RNC activists charged as “terrorists” for exercising democratic rights


BREAKING: RNC 8 Charged with “Conspiracy to Riot in
Furtherance of Terrorism”

In what appears to be the first use of criminal charges
under the 2002 Minnesota version of the Federal Patriot Act,
Ramsey County Prosecutors have formally charged 8 alleged
leaders of the RNC Welcoming Committee with Conspiracy to
Riot in Furtherance of Terrorism. Monica Bicking, Eryn
Trimmer, Luce Guillen Givins, Erik Oseland, Nathanael Secor,
Robert Czernik, Garrett Fitzgerald, and Max Spector, face up
to 7 1/2 years in prison under the terrorism enhancement
charge which allows for a 50% increase in the maximum

Affidavits released by law enforcement which were filed in
support of the search warrants used in raids over the
weekend, and used to support probable cause for the arrest
warrants, are based on paid, confidential informants who
infiltrated the RNCWC on behalf of law enforcement. They
allege that members of the group sought to kidnap delegates
to the RNC, assault police officers with firebombs and
explosives, and sabotage airports in St. Paul. Evidence
released to date does not corroborate these allegations with
physical evidence or provide any other evidence for these
allegations than the claims of the informants. Based on past
abuses of such informants by law enforcement, the National
Lawyers Guild is concerned that such police informants have
incentives to lie and exaggerate threats of violence and to
also act as provacateurs in raising and urging support for
acts of violence.

“These charges are an effort to equate publicly stated
plans to blockade traffic and disrupt the RNC as being the
same as acts of terrorism. This both trivializes real
violence and attempts to place the stated political views of
the Defendants on trial,” said Bruce Nestor, President
of the Minnesota Chapter of the National Lawyers Guild.
“The charges represent an abuse of the criminal justice
system and seek to intimidate any person organizing large
scale public demonstrations potentially involving civil
disobedience, he said.”

The criminal complaints filed by the Ramsey County Attorney
do not allege that any of the defendants personally have
engaged in any act of violence or damage to property. The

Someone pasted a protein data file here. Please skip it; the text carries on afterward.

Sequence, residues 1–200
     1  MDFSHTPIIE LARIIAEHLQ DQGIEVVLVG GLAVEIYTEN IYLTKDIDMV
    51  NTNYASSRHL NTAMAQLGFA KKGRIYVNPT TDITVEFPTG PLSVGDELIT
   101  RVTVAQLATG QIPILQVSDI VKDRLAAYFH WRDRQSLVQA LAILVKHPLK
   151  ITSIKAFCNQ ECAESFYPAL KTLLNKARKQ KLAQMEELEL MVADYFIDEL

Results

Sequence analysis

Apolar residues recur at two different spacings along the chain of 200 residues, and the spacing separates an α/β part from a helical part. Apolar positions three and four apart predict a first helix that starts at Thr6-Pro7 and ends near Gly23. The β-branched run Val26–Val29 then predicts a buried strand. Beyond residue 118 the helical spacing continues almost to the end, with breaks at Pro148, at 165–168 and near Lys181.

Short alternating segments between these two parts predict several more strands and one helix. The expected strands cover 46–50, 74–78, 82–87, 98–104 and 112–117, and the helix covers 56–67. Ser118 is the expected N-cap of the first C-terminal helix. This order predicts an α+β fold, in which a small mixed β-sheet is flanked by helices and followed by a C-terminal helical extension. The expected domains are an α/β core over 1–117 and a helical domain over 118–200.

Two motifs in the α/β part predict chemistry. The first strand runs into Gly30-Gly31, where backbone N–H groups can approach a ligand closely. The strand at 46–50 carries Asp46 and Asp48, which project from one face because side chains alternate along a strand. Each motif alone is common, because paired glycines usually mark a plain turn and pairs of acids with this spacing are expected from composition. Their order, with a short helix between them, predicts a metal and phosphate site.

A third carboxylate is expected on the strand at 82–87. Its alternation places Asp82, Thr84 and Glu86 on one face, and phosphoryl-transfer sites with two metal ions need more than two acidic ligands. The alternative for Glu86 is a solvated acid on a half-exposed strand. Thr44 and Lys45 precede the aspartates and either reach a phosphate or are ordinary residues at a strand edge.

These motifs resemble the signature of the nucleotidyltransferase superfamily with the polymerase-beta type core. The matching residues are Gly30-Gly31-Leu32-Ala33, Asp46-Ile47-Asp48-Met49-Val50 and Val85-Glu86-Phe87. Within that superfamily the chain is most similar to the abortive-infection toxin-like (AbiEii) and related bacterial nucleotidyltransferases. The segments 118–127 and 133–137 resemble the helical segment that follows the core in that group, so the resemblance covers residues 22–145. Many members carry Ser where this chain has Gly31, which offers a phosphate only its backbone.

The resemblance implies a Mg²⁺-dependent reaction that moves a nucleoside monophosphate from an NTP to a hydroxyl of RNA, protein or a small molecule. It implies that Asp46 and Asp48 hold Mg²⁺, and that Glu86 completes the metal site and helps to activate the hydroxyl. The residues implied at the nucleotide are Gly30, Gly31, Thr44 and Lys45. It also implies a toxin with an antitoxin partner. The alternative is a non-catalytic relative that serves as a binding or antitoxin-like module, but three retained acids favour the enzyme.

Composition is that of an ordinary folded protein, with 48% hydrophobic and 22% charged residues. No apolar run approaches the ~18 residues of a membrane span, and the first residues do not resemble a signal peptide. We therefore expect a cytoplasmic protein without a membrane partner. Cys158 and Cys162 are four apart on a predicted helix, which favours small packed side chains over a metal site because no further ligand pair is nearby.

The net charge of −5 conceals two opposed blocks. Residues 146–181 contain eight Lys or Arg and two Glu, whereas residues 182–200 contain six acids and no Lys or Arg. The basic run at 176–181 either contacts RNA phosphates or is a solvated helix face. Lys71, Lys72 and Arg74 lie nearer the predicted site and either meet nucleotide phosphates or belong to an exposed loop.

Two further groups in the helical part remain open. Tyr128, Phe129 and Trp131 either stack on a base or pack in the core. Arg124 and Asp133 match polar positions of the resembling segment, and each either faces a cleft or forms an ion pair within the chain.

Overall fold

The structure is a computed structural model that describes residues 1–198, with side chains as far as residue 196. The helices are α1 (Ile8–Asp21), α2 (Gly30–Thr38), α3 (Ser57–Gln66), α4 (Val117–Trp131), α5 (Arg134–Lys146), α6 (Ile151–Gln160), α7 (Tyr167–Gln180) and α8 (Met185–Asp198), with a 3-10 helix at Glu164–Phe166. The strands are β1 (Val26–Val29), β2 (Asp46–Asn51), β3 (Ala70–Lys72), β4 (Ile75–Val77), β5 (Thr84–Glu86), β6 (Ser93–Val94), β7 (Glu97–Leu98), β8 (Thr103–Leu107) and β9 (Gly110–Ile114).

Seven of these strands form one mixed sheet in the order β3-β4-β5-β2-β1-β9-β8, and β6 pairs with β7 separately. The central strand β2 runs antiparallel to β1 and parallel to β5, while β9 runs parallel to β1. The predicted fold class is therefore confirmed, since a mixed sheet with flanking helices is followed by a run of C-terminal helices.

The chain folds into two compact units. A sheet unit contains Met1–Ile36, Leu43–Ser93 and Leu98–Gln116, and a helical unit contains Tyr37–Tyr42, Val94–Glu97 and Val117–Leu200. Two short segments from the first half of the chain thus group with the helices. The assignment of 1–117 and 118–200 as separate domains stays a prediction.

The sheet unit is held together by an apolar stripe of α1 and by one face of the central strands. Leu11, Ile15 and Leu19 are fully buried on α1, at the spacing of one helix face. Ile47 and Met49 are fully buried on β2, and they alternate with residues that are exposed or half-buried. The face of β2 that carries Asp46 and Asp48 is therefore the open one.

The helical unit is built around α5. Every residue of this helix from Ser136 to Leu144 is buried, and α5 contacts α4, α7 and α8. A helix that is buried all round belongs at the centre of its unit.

complaints list all of alleged violations of law during the
last few days of the RNC — other than violations of human
rights carried out by law enforcement — and seeks to hold
the 8 defendants responsible for acts committed by other
individuals. None of the defendants have any prior criminal
history involving acts of violence. Searches conducted in
connection with the raids failed to turn up any physical
evidence to support the allegations of organized attacks on
law enforcement. Although claiming probable cause to believe
that gunpowder, acids, and assembled incendiary devices
would be found, no such items were seized by police. As a
result, police sought to claim that the seizure of common
household items such as glass bottles, charcoal lighter,
nails, a rusty machete, and two hatchets, supported the
allegations of the confidential informants. “Police
found what they claim was a single plastic shield, a rusty
machete, and two hatchets used in Minnesota to split wood.
This doesn’t amount to evidence of an organized
insurrection, particularly when over 3,500 police are
present in the Twin Cities, armed with assault rifles,
concussion grenades, chemical weapons and full riot
gear,” said Nestor. In addition, the National Lawyers
Guild has previously pointed out how law enforcement has
fabricated evidence such as the claims that urine was seized
which demonstrators intended to throw at police.

The last time such charges were brought under Minnesota law
was in 1918, when Matt Moilen and others organizing labor
unions for the Industrial Workers of the World [ed.
correction-TCIMC] on the Iron Range were charged with
“criminal syndicalism.” The convictions, based on
allegations that workers had advocated or taught acts of
violence, including acts only damaging to property, were
upheld by the Minnesota Supreme Court. In the light of
history, these convictions are widely seen as unjust and a
product of political trials. The National Lawyers Guild
condemns the charges filed in this case against the above 8
defendants and urges the Ramsey County Attorney to drop all
charges of conspiracy in this matter.

Bruce Nestor, President
Minnesota Chapter of National Lawyers Guild

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